Broadway World's New Message Board Guidelines are a Great Move

Chris Peterson

OnStage Founder & Editor-in-Chief


Ahh message boards, love them or hate them but they are a place where fans and haters alike congregate to voice their opinions on pretty much everything. While one would hope the discussion remains educated and civil, that's wishing a lot for message boards. 

Actress Patti Murin found this out this week when looking at BroadwayWorld's message boards. Upon seeing what people had to say about her and the work she's been involved with, she wrote the following blog which I highly recommend looking at. 

In response, Broadway World has decided to make some adjustments to their message board policy. 

Let me first say, I applaud both Patti Murin and Robert Diamond and Broadway World(BWW) for addressing the issue and making the necessary changes. I also think that the steps Broadway World is taking beyond the message boards, is fantastic. I don't support bullying in any way and the less of it online, especially over theatre, the better. 

While we, at OnStage, don't have a message board (and never will), we do have a Facebook page. While the majority of the discussions on there are civil, every now and then they get out of hand. By going through Facebook however, I can go use their comment policy to report abuse and usually its taken care of pretty easily. 

BWW doesn't have this option so I can see why they're making these changes right now. 

My only concern is that their new policy does leave some things open to interpretation. And I worry that it might lead to an over-correction where comments are policed to a degree where users might be afraid to voice their opinions from fear their accounts will be shut down.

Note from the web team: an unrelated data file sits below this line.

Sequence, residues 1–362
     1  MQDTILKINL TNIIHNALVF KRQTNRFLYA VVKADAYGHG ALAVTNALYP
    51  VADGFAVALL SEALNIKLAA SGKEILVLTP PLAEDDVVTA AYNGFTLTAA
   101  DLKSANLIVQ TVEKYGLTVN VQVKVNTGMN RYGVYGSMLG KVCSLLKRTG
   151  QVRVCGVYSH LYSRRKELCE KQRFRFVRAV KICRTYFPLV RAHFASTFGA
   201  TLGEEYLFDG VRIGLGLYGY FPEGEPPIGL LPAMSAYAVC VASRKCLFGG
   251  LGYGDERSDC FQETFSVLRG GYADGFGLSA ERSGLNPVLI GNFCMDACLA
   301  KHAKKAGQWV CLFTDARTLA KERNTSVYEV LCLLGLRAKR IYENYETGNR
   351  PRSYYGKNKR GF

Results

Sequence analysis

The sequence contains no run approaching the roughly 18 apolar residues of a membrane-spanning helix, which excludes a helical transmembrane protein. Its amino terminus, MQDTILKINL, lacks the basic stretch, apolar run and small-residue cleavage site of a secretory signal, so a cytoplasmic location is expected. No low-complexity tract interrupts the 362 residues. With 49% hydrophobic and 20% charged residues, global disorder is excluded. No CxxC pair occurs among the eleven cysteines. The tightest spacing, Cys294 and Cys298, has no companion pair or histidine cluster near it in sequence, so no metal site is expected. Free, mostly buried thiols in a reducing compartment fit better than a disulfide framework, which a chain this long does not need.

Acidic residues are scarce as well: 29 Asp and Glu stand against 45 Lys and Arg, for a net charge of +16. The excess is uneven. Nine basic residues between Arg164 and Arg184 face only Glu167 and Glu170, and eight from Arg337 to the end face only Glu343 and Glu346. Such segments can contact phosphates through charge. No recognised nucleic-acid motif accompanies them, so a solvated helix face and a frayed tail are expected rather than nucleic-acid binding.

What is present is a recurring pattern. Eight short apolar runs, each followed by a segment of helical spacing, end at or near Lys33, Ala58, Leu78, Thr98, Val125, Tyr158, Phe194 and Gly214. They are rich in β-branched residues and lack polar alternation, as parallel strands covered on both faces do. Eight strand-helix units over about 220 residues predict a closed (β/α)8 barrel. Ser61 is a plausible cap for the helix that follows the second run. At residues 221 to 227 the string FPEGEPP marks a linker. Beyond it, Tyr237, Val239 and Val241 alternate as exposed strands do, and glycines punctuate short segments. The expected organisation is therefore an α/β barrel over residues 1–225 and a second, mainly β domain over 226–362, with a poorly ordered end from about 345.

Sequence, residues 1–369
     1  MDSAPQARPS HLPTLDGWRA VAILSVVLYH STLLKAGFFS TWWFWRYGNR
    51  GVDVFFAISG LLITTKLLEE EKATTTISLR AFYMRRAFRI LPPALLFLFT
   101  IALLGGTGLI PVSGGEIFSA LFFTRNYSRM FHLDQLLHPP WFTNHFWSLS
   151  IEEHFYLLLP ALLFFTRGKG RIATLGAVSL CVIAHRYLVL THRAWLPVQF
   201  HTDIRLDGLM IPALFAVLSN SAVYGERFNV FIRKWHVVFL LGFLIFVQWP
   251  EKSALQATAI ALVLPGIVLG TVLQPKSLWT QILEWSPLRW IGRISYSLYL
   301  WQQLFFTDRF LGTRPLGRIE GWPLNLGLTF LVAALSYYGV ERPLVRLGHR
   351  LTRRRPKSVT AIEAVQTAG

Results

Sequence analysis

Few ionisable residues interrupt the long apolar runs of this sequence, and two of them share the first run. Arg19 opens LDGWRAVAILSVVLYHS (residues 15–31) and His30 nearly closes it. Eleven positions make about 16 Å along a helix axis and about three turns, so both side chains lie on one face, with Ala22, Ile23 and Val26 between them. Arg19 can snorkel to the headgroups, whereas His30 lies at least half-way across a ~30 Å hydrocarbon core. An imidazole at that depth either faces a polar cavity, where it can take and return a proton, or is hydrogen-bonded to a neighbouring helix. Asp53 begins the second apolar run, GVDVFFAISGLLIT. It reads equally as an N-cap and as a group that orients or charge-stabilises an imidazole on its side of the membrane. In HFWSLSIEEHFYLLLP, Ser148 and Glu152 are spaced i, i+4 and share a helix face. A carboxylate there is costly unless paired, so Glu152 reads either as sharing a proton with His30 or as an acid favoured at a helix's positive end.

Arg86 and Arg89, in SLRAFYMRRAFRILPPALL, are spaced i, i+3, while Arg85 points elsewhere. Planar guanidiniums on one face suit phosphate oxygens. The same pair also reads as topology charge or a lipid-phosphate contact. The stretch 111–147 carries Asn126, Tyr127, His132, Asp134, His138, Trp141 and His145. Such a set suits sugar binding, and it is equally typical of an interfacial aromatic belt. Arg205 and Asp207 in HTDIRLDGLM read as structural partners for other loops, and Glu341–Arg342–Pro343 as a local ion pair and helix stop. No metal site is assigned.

The wording that gives me pause is their policy of "No personal attacks - we all have different opinions - disagree with the view, not with the person."

Now we all know what a personal attack is. But if one were to criticize a performance a show. For instance if I was to say Jessie Mueller is terrible in Waitress and has no business being in that show (something I would never actually say), could that be construed as a personal attack and therefore result in me being thrown off the site?

The other clause that gives me some concern is "Those joining the site for the sole purpose of spamming, baiting or trolling will be removed." 

Spamming is one thing and very easy to detect. But "baiting" and "trolling" can lead to interpretation issues down the road. If I'm debating with someone over whether or not Bette Midler should be in Gypsy, could my challenging debate phrasing cause me to be accused of baiting or trolling when that wasn't my intention? It's certainly possible. 

My advice? As much as it pains me to say this, delete these two previous policies. They lead to too much open interpretation that could do more harm than good. Everything else on the new guidelines is great. From prohibiting profanity to image usage standards, those things will work to decrease in the number of "trolls" and "haters" over time.

And while BWW would never shut down their message boards, due to the traffic is produces and staying true to one's roots, I might suggest removing their ads from the message board pages to show that they aren't at least directly making money off of negative discussions. 

I want the same things BWW wants in this, I just don't want anyone accusing them of limiting free speech or booting the wrong people over a misunderstanding of what they said. Taking steps likes these and adjusting the new guidelines will certainly protect BWW. 

Either way, bravo to Patti Murin and BWW for taking a stand against message board bullying.